Take the 2-minute tour ×
Stack Overflow is a question and answer site for professional and enthusiast programmers. It's 100% free, no registration required.

Say I have this html code:

<html>  
<body>   
<div id="Div1" style="position:relative">
   <span style="position:absolute;top:100px">My text</span>
</div> 
<div id="Div2">
Test
</div>
</body>
</html>

What should I do to make Div2 always below Div1 regardless of the content of Div1? Because the span uses position:absolute in Div1, the content of Div2 appears above the content of Div1.

share|improve this question
    
Please paste the css you use. –  Santi Sep 11 '09 at 16:19
    
there is no other css. –  Anthony Sep 11 '09 at 16:35

7 Answers 7

up vote 1 down vote accepted

The reason div2 displays above div1 is because div2 is absolutely positioned. That means that div1 doesn't participate in the normal document flow, as if it was pulled out of the document. So, div2 shows up at the top, then your absolute positioning pushes div1 down to 100px.

Take the absolute positioning off of div1, then use margins or padding to move it down to the desired location. That way, the normal html rendering will place div2 below div1.

If you're forced to absolutely position div1, then you need to absolutely position div2 as well. You may need to use javascript to figure out the height of div1 and set the top of div2 appropriately.

<html>  
<body>   
<div id="Div1" style="position:absolute; top: 100px;">
   <span>My text</span>
</div> 
<div id="Div2" style="position:absolute; top: 130px;">
Test
</div>
</body>
</html>
share|improve this answer
    
Or just nest Div2 into that span/div and put margin-top on it and voala... ;) –  Gavrisimo Sep 11 '09 at 17:36

Why not do this ?

<div id="Div1" style="margin-top:100px">
   <span>My text</span>
</div> 
<div id="Div2">
Test
</div>

I don't quite get why you are doing it that way. Could you explain a bit more what you're trying to do? I'm sure there's a better way

share|improve this answer
    
i've edited my answer, this should work... unless you really need to have absolute positioning all over the place –  marcgg Sep 11 '09 at 17:14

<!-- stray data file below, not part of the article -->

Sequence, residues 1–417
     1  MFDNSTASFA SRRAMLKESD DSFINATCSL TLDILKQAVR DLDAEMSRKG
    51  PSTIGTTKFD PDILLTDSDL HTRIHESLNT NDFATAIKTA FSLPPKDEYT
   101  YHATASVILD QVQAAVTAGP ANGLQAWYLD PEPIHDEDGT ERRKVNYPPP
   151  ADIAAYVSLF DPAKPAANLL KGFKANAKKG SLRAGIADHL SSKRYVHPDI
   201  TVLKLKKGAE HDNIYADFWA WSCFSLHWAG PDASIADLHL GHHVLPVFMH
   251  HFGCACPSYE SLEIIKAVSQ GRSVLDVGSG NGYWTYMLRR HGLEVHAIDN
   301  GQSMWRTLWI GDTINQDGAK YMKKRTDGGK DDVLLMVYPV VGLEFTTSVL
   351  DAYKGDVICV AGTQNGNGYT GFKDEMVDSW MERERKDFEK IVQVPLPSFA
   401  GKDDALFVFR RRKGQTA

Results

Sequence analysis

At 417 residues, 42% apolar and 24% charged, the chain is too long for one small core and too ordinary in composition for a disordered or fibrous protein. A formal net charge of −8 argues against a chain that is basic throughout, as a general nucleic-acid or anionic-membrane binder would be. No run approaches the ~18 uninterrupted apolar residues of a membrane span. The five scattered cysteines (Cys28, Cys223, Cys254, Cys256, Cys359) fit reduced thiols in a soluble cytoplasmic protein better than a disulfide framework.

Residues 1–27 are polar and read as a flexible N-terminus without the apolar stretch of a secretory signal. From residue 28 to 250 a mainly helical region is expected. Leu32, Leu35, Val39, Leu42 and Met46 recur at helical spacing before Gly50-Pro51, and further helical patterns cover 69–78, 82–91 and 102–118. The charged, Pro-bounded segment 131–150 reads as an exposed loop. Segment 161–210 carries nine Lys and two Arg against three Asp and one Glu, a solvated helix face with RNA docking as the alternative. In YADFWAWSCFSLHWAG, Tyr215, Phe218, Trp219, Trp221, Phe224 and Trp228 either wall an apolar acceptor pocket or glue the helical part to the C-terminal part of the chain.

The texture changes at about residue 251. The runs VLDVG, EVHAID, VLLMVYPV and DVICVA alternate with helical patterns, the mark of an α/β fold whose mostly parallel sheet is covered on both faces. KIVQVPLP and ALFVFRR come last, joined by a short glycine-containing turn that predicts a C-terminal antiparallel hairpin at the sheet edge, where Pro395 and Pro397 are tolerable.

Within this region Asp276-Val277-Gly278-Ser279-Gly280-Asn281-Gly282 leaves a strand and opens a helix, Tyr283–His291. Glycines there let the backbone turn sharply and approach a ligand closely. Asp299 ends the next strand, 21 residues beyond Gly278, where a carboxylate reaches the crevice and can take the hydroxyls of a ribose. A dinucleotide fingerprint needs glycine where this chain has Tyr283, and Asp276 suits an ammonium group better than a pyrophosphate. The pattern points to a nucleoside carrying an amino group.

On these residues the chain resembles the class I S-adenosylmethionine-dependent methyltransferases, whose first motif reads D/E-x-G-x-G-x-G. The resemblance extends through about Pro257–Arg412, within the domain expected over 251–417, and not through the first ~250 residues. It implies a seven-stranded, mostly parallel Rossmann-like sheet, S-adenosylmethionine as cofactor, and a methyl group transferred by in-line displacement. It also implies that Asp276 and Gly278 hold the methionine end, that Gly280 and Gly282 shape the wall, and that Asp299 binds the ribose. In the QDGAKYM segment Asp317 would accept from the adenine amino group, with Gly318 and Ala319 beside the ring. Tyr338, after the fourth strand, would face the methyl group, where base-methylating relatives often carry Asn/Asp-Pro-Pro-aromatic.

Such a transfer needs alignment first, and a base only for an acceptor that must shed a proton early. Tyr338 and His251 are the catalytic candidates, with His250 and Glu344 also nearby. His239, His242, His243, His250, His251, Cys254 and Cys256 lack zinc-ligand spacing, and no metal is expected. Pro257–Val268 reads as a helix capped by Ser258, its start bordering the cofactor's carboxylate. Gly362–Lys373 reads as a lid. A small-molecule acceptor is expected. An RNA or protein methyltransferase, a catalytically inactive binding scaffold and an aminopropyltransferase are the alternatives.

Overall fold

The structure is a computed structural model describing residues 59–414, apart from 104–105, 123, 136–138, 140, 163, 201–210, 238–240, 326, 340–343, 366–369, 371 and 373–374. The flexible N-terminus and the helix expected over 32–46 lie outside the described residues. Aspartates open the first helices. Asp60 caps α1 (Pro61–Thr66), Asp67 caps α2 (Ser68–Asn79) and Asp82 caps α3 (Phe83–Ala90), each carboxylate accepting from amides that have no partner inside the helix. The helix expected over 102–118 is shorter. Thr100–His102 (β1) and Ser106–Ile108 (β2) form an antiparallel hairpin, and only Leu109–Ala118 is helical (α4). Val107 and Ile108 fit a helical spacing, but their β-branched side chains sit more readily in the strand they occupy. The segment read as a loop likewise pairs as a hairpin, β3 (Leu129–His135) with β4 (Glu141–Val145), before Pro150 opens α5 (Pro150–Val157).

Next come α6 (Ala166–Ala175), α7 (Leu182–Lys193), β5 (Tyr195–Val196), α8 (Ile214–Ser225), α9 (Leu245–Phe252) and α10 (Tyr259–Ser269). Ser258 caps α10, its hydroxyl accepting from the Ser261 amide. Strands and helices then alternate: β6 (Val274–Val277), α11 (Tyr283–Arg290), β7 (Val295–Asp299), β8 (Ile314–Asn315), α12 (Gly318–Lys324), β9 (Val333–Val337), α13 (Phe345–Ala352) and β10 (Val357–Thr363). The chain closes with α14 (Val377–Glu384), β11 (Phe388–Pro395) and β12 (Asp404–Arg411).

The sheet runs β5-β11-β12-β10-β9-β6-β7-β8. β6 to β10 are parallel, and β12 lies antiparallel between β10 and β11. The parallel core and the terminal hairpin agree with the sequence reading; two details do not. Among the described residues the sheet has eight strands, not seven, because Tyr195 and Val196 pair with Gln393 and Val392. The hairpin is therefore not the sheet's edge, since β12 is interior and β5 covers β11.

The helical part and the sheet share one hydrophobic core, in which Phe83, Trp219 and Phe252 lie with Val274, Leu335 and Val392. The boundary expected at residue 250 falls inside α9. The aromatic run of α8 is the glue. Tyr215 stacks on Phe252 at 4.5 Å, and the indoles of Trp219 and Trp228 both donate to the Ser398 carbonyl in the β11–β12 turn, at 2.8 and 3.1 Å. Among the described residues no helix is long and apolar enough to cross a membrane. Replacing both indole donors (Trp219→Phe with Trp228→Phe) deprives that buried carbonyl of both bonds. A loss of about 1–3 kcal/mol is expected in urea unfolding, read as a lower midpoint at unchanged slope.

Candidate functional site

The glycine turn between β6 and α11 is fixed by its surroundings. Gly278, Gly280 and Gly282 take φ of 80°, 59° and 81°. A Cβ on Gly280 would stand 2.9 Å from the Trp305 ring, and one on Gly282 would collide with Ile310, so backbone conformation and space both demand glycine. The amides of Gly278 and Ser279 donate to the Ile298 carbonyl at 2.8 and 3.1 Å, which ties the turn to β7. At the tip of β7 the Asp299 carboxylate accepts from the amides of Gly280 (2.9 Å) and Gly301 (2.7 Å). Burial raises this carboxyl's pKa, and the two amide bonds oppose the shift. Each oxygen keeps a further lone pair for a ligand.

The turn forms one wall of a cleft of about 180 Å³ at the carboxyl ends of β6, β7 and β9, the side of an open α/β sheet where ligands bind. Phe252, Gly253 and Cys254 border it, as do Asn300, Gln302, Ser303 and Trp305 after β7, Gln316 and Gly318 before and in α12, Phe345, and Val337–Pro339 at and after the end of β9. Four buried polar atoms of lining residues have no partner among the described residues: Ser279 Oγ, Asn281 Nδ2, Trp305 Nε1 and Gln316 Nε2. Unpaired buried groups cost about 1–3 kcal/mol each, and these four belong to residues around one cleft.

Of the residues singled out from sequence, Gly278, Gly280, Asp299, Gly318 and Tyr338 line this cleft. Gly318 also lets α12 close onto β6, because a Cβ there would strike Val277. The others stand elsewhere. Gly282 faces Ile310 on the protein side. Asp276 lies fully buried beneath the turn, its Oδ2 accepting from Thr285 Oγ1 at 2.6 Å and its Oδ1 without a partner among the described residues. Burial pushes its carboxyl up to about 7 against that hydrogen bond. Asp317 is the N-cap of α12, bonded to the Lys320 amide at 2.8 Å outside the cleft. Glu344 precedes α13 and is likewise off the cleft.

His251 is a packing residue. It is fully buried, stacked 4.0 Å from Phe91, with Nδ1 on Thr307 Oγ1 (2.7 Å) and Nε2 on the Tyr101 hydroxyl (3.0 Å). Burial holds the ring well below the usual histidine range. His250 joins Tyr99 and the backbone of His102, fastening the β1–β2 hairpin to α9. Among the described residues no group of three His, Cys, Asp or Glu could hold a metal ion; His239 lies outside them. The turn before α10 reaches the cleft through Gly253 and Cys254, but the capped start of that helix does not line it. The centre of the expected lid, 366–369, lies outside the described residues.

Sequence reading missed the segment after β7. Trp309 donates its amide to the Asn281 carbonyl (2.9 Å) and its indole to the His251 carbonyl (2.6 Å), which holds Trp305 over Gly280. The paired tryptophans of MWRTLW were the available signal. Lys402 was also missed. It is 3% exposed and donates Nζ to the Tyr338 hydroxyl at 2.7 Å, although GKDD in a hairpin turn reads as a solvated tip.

Basically I have 2 Divs and I want Div2 to be below any content of Div1. In reality, Div1 contains some images and these images are located within the Div1 using absolute positioning. I would like the content of Div2 to be below those images which are in Div1. –  Anthony Sep 11 '09 at 17:16
    
What you did work but you changed the question. The content of Div1 is positioned using absolute positioning. –  Anthony Sep 11 '09 at 17:18

Others have answered this question correctly about position:relative vs. position:absolute and page flow in the container div.

Just to add to the answer. I found the following tutorial really helpful when I was learning about positioning in CSS.

Learn CSS Positioning in Ten Steps

share|improve this answer

Jeff: div is as standard block elements, so that wont make any difference.

You could try:

<div id="Div1" style="position:relative; display:inline-block">
  <span style="position:absolute;top:100px">My text</span>
</div> 
<div id="Div2">
  Test
</div>
share|improve this answer
    
Thanks but it doesn't make any difference. Div2 still appears above Div1. –  Anthony Sep 11 '09 at 17:03

do you want div2 below div1 or at the very bottom of the page? if you want it below div1 then add

clear:both;

to div2.

if you want it fixed to the bottom of the page then use a fixed position property on the div2

share|improve this answer
    
This doesn't work –  Anthony Sep 11 '09 at 17:20

Maybe something like this?

<html>
<body>
    <div id="Div1" style="position:relative">
    	<div style="position:absolute;top:0">just some text<br />very long text<br />very long text<br />very long text<div id="Div2" style="margin-top:30px">div thats always below(30px's below)</div></div>		
    </div>
</body>
</html>
share|improve this answer

use display:block; on those divs

share|improve this answer
3  
Divs are blocks by default. –  user151323 Sep 11 '09 at 16:20
    
Indeed. It doesn't make any difference. –  Anthony Sep 11 '09 at 16:23

Your Answer

 
discard

By posting your answer, you agree to the privacy policy and terms of service.

Not the answer you're looking for? Browse other questions tagged or ask your own question.